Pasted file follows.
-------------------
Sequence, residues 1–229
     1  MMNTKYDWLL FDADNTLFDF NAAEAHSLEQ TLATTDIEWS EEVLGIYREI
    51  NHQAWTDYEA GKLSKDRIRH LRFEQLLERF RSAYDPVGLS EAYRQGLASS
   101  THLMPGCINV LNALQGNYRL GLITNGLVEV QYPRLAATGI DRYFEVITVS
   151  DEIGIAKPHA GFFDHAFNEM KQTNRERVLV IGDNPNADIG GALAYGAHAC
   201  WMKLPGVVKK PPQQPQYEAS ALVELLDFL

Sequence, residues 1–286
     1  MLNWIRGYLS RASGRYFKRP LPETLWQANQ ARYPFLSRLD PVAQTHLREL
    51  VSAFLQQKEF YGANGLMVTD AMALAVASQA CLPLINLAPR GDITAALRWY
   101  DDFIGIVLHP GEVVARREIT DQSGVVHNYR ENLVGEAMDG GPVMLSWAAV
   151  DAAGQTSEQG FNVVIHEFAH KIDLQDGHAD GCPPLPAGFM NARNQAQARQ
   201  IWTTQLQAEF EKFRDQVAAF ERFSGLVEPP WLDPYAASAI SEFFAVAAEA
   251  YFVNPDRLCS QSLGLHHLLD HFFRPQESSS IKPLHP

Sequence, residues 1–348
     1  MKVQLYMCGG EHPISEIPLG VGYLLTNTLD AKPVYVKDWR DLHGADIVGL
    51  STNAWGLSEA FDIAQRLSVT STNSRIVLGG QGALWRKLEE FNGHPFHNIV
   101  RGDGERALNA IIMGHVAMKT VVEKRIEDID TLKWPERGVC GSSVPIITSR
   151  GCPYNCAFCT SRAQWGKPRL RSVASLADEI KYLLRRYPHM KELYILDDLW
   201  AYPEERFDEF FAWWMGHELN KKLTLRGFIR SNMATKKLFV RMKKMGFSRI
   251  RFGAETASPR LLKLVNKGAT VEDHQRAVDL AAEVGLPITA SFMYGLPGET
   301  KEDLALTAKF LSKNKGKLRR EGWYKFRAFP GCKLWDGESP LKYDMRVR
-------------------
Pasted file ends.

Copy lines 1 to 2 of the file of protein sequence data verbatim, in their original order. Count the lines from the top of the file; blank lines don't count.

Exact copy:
Sequence, residues 1–229
     1  MMNTKYDWLL FDADNTLFDF NAAEAHSLEQ TLATTDIEWS EEVLGIYREI